Help Is Here


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Help Network of Northeast Ohio, formerly known as Help Hotline, Inc., has a rich history of providing essential crisis intervention, suicide prevention, and support services to the Mahoning Valley and surrounding areas. The organization has evolved and expanded its services significantly over the years. Here’s a summary of key milestones and developments in the organization’s history:


Help Network started as a drug information hotline at St. Elizabeth’s Hospital. The hotline, staffed mostly by volunteers, operated in the evenings for 6 hours a day, 6 days a week. Help Network marked a significant milestone by appointing its inaugural Executive Director, ushering in a new era of 24/7 service availability. Embarking on a trajectory of growth, the agency went on to welcome two more accomplished Executive Directors during the 1970s. As time progressed, Help Network became a special project, ultimately securing a contractual partnership with the Mahoning County Mental Health Board. Demonstrating unwavering commitment, Help Network extended its support to over 5,000 individuals adversely affected by job losses at Campbell Works – Youngstown Sheet & Tube, by offering its services and links to other crucial service providers.

1971 Help Hotline, Inc. is founded in Youngstown, Ohio.
1975 The organization expands to provide 24-hour services.
1978 Telephone Device for the Deaf (T.D.D.) phone for the hearing impaired is installed.
1979 Help Network partners with the YMCA to establish the Battered Women’s Shelter.
Services are expanded to Columbiana County residents.



During the dynamic decade of the 80s, Help Network continued its growth by adding programs and services to meet the needs of the community. A testament to its dedication and excellence, the agency achieved its first certification by the American Association of Suicidology (AAS). Furthermore, solidifying its position as a vital pillar of support in the Youngstown/Mahoning Valley region, Help Network earned the distinction of becoming an agency under the Youngstown/Mahoning Valley United Way.

1984 Survivors of Suicide (SOS) Support Group begins.
1985 Phone Friend service is added for latchkey children.
Victims of Crime Hotline services are added through the State of Ohio Victims’ of Crime Program. This program serves a two-county area.
1989 Help Hotline, Inc. changes its name to Help Hotline Crisis Center, Inc.


Since 1991, Help Network has proudly held a license issued by the Ohio Department of Mental Health, a testament to its commitment to maintaining high standards of care. Recognizing its pivotal role in fostering family well-being, Help Network has been designated as the point of entry for the Family First Council. Expanding its reach and impact, Help Network now operates as a contract agency of the Ashtabula Alcohol, Drug, Addiction, and Mental Health Services Board, further strengthening its ability to provide comprehensive support and aid to those in need.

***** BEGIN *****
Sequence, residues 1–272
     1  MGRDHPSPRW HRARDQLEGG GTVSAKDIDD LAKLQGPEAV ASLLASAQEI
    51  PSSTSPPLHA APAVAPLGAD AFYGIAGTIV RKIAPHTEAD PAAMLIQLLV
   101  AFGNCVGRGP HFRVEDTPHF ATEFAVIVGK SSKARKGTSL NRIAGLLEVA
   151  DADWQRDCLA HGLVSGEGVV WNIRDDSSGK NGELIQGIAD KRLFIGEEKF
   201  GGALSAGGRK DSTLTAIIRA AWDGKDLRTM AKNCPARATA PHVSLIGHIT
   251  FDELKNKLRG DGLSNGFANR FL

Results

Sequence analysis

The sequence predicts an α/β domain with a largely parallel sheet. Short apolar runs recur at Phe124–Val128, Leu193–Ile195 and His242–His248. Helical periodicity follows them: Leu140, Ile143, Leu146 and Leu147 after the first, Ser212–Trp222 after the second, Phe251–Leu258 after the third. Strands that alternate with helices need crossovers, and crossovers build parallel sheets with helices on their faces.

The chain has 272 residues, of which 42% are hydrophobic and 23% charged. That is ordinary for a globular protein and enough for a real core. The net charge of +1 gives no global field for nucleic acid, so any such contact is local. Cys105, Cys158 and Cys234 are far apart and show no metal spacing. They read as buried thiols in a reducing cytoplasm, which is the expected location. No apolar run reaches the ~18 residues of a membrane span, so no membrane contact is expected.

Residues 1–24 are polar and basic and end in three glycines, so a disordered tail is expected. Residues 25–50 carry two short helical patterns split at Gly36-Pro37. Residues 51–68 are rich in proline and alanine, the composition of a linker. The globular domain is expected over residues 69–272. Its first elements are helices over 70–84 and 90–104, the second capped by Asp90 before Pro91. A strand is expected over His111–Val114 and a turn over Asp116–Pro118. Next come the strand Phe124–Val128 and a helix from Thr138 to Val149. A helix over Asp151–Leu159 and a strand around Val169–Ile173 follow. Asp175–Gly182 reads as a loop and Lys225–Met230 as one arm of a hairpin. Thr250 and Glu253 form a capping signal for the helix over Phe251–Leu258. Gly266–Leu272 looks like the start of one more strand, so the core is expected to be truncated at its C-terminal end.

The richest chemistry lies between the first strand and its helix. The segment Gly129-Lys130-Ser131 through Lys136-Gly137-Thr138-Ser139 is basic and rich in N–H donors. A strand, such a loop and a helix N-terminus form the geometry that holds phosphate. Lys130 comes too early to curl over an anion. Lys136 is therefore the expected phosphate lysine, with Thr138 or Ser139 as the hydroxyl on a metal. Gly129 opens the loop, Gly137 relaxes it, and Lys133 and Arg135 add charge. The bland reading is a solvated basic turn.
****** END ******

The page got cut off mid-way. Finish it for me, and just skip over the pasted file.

1990 The Cold Weather Emergency Program begins for the winter season. The program continues operating each following year thereafter.
1992 The agency begins administering the Mahoning County Housing Assistance Program (H.A.P.)
1994 The Senior Line, a warm line for senior citizens, is established.
1997 The agency begins administering the Mahoning County Payeeship Program.
  The Safe School Line is established for Youngstown City Schools, Struthers City Schools, and Lowellville Local Schools.
1998 A full-time Mental Health Guardianship Program is established. The program has since expanded to include clients from Trumbull and Columbiana Counties, as well as those with a developmental disability.



In the 2000s, Help Network witnessed a significant surge in both programs and clients, leading to a space constraint. To address this pressing need, Help Network initiated a remarkable Capital Campaign, aiming to revamp its existing facility and expand it substantially, effectively doubling its usable workspace. Through this endeavor, all of Help Hotline’s invaluable services were consolidated under one roof, streamlining accessibility and enhancing efficiency.

As part of its continued growth and commitment to community welfare, the agency went on to acquire the Drop-In Center, a pivotal step that now accommodates over 40 regular clients and serves as the host location for various vital programs, including the Housing Assistance Program (HAP), Project for Assistance in Transition from Homelessness (PATH), and provides essential office space for the Consumer Support Network (CSN).

Throughout the 2000s, Help Network embarked on an ambitious journey that not only prioritized facility expansion but also placed a strong emphasis on securing grants to fund its essential programs. Among these were a Recovery Project grant for mental health services, “Anthem” Family Violence Prevention Planning grant for the Tri-county area, and a Raymond John Wean Foundation grant to assist the agency in becoming a state-of-the-art regional telephone hotline center.